The most devastating reproach historians are likely to make to Barack Obama's record in the White House is his devastating failure in foreign policy — a failure that stems from his willingness to leave the warrior ideologues of the State and Defense Departments in place after he became president.

To them he added ideologues of a new and equally interventionist persuasion, which he found congenial: that of humanitarian action, scarcely relevant in resisting the Islamic caliphate that emerged as a major force in the concluding half of his second term. By then he also faced a Republican congressional majority distinguished by its ignorance — worse than his own in foreign policy matters — and its vindictiveness.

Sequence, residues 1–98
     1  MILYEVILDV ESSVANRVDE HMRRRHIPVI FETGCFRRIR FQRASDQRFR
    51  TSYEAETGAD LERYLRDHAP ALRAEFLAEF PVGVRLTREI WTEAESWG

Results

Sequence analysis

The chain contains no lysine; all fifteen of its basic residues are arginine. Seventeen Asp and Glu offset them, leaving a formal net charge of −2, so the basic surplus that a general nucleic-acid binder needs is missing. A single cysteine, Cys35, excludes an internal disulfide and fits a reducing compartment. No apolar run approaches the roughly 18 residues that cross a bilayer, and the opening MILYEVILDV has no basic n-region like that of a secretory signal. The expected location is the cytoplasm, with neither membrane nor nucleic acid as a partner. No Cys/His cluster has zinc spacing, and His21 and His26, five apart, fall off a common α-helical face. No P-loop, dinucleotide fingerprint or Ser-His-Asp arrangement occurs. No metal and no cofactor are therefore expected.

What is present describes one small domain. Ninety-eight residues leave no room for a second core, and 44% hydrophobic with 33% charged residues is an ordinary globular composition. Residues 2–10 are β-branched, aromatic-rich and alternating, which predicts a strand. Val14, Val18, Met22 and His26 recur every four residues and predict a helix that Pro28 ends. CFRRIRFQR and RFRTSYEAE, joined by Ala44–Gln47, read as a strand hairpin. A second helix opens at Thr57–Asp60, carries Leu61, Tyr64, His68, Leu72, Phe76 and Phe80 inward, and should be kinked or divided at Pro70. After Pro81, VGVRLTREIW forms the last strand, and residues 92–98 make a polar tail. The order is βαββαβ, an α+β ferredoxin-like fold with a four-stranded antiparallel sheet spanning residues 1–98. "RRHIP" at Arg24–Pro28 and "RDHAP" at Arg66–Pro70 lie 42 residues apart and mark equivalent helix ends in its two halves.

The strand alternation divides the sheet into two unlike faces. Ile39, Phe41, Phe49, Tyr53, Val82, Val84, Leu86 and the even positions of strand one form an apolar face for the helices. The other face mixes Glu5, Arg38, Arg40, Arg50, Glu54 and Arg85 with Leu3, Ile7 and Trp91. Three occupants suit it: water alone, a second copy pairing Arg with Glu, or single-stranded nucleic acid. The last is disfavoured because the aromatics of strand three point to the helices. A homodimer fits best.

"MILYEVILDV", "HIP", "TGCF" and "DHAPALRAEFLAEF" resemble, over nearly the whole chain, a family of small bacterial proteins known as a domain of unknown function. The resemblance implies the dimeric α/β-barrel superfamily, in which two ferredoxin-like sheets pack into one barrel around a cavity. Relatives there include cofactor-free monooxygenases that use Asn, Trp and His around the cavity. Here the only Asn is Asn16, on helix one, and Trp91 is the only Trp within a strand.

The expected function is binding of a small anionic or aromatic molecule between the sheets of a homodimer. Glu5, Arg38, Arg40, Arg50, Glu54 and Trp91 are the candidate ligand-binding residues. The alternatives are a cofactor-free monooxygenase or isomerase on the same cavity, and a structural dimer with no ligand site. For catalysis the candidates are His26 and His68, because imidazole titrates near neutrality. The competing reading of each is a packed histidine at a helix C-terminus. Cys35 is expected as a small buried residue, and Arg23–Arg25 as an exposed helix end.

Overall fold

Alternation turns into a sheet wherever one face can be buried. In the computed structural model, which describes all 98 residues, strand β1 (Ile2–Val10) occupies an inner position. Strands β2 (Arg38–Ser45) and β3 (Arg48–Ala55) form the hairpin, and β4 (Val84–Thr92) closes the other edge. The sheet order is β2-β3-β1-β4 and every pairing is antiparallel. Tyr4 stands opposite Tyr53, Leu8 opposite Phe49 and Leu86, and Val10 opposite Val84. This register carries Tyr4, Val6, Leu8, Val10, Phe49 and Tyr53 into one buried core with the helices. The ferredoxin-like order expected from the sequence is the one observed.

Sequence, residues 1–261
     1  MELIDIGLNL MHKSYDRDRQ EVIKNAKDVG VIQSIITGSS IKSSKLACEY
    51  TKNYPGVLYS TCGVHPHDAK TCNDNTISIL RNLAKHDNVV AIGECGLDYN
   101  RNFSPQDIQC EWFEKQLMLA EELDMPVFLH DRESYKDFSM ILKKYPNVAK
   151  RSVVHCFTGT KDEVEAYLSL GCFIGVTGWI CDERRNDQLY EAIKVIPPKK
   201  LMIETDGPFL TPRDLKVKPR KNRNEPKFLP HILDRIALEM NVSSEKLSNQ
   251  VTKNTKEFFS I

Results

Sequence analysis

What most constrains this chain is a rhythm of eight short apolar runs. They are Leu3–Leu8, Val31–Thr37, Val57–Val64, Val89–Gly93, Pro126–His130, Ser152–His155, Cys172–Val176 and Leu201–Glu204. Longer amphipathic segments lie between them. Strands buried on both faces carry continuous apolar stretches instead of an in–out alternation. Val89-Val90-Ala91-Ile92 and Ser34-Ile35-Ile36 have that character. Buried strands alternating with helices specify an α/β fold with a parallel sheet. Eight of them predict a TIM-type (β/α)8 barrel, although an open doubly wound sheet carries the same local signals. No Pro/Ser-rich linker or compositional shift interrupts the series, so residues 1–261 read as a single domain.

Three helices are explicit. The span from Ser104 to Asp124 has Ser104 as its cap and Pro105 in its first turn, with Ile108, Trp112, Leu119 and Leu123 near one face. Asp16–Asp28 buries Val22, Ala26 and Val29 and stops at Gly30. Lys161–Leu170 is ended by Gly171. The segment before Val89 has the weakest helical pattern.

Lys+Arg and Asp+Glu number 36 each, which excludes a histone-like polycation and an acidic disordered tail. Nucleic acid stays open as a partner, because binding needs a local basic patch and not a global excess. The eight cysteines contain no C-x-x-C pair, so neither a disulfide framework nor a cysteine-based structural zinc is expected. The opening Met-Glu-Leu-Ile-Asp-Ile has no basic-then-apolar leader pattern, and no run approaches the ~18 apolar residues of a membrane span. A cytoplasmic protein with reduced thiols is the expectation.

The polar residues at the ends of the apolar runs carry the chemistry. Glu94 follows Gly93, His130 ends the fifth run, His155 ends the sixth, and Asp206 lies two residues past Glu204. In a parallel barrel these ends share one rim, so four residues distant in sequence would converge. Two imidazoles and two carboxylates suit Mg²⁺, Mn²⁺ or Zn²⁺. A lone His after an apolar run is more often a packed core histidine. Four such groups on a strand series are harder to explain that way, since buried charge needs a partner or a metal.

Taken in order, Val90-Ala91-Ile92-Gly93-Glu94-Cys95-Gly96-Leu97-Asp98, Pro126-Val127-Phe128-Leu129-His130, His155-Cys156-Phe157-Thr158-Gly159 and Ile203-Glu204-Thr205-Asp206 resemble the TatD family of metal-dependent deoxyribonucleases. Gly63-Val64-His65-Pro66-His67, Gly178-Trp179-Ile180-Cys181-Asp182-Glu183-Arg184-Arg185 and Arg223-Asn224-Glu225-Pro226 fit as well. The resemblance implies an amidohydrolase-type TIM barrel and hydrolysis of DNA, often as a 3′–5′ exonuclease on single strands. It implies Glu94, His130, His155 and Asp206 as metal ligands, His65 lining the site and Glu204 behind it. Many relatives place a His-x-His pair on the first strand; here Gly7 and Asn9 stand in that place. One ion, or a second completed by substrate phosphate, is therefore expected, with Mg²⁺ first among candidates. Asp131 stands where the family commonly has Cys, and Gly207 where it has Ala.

He arrived in office to a military leadership lacking a political strategy to shape its tactics in the Middle East and Afghanistan. When he asked for options and political counsel on ending the Mideast wars — as he had promised the electorate — he was insolently given settled plans by the generals for prosecuting the wars to victory.